"The key for A.J. -- if he gets in a little pickle -- is getting out of it, and getting out of it quickly," manager Joe Girardi had said, and Burnett did that, especially in the top of the third when the Rangers scored two runs on just one hit -- an infield single at that -- but didn't score any more in an inning that also included a walk, a wild pitch and a hit batsman.
"The other thing you look for with A.J. is strike one," Girardi had said, "because A.J. is the type of guy that can expand the zone with the depth of his breaking ball, and that's important."
In his 97-pitch outing, Burnett threw first-pitch strikes to 17 of the 25 batters he'd faced, a good ratio, and that control afforded him a 3-2 lead on the Rangers in Game 4 of the ALCS.
Unfortunately for the Yankees, Burnett threw 99 pitches on Tuesday night.
It was the 98th that did in both Burnett and his club. It was a 92-mph fastball, thrown on the level of Bengie Molina's considerable belt with two outs in the top of the sixth inning -- another first-pitch strike, 18 of 26. Molina had mustered only a single in his five regular-season at-bats against Burnett, and another single in the top of the fifth, but this pitch was not only belt-high but on the inside half of the plate, and Molina turned on it and drove it down the left-field line and into the stunned stands. He drove in not only himself, but also Nelson Cruz and David Murphy (the latter of whom had been intentionally walked on pitch No. 97) too, and the Rangers led 5-3.
Pitch No. 99 was also a first-pitch strike -- 19 of 27, Girardi couldn't have hoped for better -- and Mitch Moreland swung at it and fouled out to third. But the damage had already been done, and a fine outing from Burnett, in many ways his best in a long while, had been ruined, and all he had to show for it was a deceivingly ugly bottom line (five earned runs in six innings).
Once Burnett came out, the Rangers piled on, as they have in each of their three wins in the series, in the seventh, turning a tense 5-3 lead into a relatively comfortable 7-3 one, and then in the ninth, turning it into a 10-3 laugher.
Texas outmatched the Yankees in essentially the same way they have in every inning of the ALCS, with the exception of a single half-inning way back in Game 1. They keep hitting home runs -- four of them tonight (including two more from Josh Hamilton, giving the presumptive AL MVP four in four games) -- and have hit 15 in the postseason, and at least one in each of their nine playoff games. During the regular season, their longest streak of games with a home run was six.
They also keep receiving effective pitching. While starter Tommy Hunter was only middling on Tuesday (3 1/3 innings, five hits, three runs), long-relief man Derek Holland was brilliant -- he allowed a single hit in 3 2/3 innings -- and maligned middle relievers Darren O'Day, Clay Rapada and Darren Oliver managed to close things out from there, holding the Yankees scoreless even in an eighth inning in which they'd loaded the bases with one out. Tuesday night's handful of mild umpiring-related controversies -- a fan possibly interfered with Rangers rightfielder Nelson Cruz on Robinson Cano's scoring-opening bottom-of-the-second home run (though it would probably have been a home run regardless), then two batters later the umps properly disallowed a home run by Lance Berkman after reviewing the videotape -- only seemed to distract from the overall narrative. Which is that you don't even have to take away the top of the eighth in Game 1 -- as some like to, in order to prove a point -- to demonstrate how significantly and thoroughly Texas has dominated New York through this series' first four games.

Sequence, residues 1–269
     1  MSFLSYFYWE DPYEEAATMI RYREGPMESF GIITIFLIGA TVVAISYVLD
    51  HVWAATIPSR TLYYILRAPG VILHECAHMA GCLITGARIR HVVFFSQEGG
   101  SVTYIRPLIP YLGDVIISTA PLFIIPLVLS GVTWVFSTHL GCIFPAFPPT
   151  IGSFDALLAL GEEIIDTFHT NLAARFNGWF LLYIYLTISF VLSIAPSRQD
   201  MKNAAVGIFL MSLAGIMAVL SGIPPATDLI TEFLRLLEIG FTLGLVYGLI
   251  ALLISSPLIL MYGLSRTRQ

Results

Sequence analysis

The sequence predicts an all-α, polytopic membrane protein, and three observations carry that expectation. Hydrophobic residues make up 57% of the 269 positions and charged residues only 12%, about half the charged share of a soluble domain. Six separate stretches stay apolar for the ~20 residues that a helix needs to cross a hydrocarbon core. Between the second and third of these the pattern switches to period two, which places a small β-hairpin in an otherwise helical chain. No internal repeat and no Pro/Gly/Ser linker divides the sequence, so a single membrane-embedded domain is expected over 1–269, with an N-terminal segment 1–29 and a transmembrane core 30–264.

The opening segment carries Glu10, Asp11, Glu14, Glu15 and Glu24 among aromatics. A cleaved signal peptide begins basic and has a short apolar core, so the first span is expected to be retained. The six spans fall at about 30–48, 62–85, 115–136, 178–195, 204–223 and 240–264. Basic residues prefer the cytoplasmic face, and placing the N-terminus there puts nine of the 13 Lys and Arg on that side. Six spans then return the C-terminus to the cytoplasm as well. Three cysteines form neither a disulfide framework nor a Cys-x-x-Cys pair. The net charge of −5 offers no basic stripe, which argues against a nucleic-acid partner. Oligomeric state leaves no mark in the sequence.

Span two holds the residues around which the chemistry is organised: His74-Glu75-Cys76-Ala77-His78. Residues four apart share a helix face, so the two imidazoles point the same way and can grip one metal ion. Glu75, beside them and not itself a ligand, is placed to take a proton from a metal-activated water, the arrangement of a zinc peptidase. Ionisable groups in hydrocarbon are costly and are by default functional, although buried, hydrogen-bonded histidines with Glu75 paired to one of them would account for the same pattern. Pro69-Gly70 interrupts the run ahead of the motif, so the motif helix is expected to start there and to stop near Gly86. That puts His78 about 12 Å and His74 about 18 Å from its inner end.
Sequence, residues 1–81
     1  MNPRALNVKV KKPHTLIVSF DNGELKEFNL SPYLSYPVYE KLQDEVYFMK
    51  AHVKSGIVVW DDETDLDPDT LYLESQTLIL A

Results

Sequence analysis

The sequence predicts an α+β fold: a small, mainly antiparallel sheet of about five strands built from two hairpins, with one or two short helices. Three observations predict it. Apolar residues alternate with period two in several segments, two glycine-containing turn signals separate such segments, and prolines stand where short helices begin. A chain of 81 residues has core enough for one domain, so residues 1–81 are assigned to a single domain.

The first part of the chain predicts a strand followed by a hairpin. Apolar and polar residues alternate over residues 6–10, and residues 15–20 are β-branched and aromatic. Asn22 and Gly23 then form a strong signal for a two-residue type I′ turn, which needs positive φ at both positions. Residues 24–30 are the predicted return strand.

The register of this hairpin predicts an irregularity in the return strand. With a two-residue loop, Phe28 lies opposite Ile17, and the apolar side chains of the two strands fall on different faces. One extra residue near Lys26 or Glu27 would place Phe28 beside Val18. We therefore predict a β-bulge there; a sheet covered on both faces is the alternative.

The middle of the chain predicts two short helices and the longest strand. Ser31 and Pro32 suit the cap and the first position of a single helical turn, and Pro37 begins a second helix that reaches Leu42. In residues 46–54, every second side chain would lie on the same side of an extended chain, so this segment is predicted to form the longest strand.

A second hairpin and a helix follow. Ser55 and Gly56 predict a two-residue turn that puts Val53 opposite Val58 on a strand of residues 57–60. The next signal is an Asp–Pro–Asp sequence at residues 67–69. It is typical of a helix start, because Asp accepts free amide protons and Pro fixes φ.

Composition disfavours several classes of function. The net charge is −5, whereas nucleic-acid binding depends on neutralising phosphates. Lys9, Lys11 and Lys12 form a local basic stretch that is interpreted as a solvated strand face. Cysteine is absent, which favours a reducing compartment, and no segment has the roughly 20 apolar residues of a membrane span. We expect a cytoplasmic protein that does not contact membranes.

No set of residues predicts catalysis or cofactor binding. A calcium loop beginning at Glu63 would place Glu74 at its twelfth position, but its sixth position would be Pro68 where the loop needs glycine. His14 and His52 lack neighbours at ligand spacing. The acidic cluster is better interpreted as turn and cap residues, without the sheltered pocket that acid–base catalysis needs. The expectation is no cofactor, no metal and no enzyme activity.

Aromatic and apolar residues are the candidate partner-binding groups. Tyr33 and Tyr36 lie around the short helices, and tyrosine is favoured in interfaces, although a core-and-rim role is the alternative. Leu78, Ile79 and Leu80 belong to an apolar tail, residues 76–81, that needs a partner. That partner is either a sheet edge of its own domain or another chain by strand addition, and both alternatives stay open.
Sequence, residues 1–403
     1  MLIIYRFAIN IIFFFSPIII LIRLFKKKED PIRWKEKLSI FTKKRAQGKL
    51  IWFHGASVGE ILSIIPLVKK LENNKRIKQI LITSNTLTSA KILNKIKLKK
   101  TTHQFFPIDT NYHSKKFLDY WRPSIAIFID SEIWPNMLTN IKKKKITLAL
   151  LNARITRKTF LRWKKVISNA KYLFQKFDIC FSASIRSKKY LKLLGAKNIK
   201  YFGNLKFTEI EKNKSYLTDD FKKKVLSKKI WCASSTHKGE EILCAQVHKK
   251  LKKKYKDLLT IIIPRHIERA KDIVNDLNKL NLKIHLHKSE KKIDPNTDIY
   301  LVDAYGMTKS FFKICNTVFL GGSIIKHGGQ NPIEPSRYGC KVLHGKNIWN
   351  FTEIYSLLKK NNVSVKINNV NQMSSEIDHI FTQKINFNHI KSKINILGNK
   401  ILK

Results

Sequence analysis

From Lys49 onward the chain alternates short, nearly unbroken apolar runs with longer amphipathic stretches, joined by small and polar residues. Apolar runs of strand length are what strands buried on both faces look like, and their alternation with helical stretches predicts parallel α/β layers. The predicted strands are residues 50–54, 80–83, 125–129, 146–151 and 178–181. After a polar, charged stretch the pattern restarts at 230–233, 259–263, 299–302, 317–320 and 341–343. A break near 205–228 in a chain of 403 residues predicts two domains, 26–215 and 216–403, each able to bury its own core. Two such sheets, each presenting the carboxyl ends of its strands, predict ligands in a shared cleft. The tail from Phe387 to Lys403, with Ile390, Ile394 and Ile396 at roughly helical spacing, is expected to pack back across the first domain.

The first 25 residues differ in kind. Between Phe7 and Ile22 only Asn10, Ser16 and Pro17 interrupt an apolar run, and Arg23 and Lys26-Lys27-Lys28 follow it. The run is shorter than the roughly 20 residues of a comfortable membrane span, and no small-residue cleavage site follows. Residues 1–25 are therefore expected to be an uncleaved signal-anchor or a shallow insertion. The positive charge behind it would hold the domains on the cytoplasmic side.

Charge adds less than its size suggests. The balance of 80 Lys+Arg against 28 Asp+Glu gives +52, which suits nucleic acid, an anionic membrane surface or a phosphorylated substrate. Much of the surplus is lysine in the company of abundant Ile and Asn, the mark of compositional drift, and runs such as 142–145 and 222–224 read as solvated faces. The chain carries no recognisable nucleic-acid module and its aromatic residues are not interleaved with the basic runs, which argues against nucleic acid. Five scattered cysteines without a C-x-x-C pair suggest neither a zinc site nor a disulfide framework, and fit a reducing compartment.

Even including that half-inning, the Rangers have outscored the Yankees 30-11, their team ERA is 2.75 to the Yankees' 7.71, and they have five regulars hitting over .300 in the series while the Yankees have only one -- Cano, who is batting .467 and suddenly seems the only Yankee who represents a real threat every time he steps to the plate.
The series is due to resume in New York on Wednesday afternoon, just under 16 hours after this most recent crushing Rangers win concluded.
"For this team to win three games in a row is not beyond the realm of possibility," said Berkman in a quiet Yankees clubhouse.
And indeed it is not. Even though Mark Teixeira seems to have been lost for the rest of the postseason due to a hamstring injury ("It really doesn't look very good," Girardi said of the injury Teixeira suffered while running to first in the bottom of the fifth), the Yankees' starters are all on regular rest now, as was the goal, and CC Sabathia should in theory be able to outpitch C.J. Wilson on Wednesday (even if he hasn't, this postseason, in practice), sparking a potential comeback.
But with the Yankees about to play their fifth game of an ALCS, it is certainly something of a surprise, and telling too, that the best that one of their players can do is to suggest that it's "not beyond the realm of possibility" that they might win it.